It's clear that "pop-up," or temporary, architecture is becoming an enduring cultural trend. In our own coverage at SmartPlanet, we've looked at everything from pop-up holiday-themed boutiques, grocery stores, entire neighborhoods. One of the newest waves in fleeting real-estate projects is pop-up hotels. This concept seems to make sense from a business perspective: hotel developers can try out locales, experiment with design ideas, and test out the market for guests without a huge financial commitment. Some hospitality companies are even making new business bets on the pop-up approach.
Take, for instance, Design Hotels, a carefully curated network of 200 chic hotels across 40 nations. These include the fashionable Standard hotel in New York and super chic boutique destinations like the Murano Resort in Paris. Design Hotels is also a marketing consultancy for the hospitality companies that create and manage such hotels. And now Design Hotels has recently launched its own property that also happens to be its second pop-up hotel project.
Located on a beach where local fishermen once gathered on the Greek island of Mykonos, the San Giorgio is a 34-room hotel with sparely decorated rooms that have a clean, streamlined feel to them--the perfect aesthetic for an easy-to-set-up, easy-to-disassemble pop-up hotel. The property also houses a 30-seat (pop-up) restaurant that serves local sea food. No end date for the project has been announced. It follows Design Hotels' first pop-up hotel, Papaya Playa in Tulum, Mexico, which launched late last year and is scheduled to be open for a five-month duration.
"Designed as shifting hubs, they provide an open platform for creatives to gather and shape meaningful moments," Design Hotels founder Claus Sendlinger told glossy lifestyle publication Wallpaper, of the pop-ups. His statement suggests that the clientele--"creatives," likely globe-trotting designers, ad agency executives, filmmakers, and other imaginative types--are also globe-trotting networkers in need of either time off or interesting, off-the-beaten destinations for retreats and meetings.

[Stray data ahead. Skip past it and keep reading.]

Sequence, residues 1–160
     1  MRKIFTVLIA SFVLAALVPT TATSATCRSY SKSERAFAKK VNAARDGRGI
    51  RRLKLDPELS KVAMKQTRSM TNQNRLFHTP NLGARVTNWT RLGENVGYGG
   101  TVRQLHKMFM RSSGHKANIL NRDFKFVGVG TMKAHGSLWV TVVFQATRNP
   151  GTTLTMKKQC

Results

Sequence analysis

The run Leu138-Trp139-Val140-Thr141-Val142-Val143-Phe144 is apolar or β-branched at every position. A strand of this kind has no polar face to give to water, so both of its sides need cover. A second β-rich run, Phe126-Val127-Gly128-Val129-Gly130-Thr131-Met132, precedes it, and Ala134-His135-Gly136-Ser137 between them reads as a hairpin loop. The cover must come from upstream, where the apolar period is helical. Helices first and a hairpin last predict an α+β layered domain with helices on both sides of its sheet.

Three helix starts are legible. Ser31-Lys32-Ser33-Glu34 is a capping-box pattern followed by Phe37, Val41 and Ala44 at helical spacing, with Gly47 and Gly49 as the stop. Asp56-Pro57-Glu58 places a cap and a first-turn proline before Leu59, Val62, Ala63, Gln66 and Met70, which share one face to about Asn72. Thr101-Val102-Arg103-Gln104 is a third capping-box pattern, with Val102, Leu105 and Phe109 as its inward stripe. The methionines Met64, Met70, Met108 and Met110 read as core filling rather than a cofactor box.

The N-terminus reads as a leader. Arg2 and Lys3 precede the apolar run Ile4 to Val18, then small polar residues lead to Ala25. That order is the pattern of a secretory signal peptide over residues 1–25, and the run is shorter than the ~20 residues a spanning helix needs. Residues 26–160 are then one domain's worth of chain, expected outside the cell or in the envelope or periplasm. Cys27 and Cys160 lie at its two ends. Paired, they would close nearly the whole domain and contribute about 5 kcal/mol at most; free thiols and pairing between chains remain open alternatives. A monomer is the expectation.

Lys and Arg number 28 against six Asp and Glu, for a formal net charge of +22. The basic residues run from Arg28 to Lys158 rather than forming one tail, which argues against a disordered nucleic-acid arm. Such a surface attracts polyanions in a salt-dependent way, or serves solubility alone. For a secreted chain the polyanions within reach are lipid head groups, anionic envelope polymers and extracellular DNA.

On its Web site, the San Giorgio pop-up hotel is described as the setting for an experience "like visiting the summer home of your coolest friend, who whips together a feast for the eyes and palate with as much ease and grace as he throws the island’s most talked-about fete. And you’re along for the ride." Sound tempting? Rates range from 170-1,200 Euros during mid-season (August). There you'll be surrounded by white walls, mosquito nets over low beds, hand woven rugs...and Mac computers at handmade tables.
It's worth it to note that pop-up hotels aren't only for jet-setting design aficionados. Snoozebox, a British company, creates modular, temporary hotels that can be configured in sizes that range from 40 to 400 rooms. While not as elegant as the Design Hotels' digs, they have a minimalist, industrial-chic feel to them and are marketed as practical accommodations for audiences of large spectator events or film crews, as well as a solution for disaster relief. The company has been gaining visibility in the U.K. In early May, for instance, Snoozebox pop-up hotels housed more than 600 performers who participated in the Queen's Diamond Jubilee Pageant at Windsor Castle. And the company's Web page states in its informational sections that Snoozebox Holdings was admitted to London's Alternative Investment Market stock exchange--indicating it's a healthy business.
On both ends of the spectrum, pop-up hotels seem to be welcome and flexible places to stay--and so far, as evidenced by their trendiness, successful business experiments. After all, as hotels are by definition temporary homes, doesn't it make sense that their physical forms might reflect this basic fact, too?
Images: Design Hotels